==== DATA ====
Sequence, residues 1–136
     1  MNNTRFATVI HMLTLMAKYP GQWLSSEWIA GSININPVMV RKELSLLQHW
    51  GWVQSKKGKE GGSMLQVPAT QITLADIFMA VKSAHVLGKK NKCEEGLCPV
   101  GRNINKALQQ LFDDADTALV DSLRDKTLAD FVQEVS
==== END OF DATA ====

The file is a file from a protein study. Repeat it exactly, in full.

Sequence, residues 1–136
     1  MNNTRFATVI HMLTLMAKYP GQWLSSEWIA GSININPVMV RKELSLLQHW
    51  GWVQSKKGKE GGSMLQVPAT QITLADIFMA VKSAHVLGKK NKCEEGLCPV
   101  GRNINKALQQ LFDDADTALV DSLRDKTLAD FVQEVS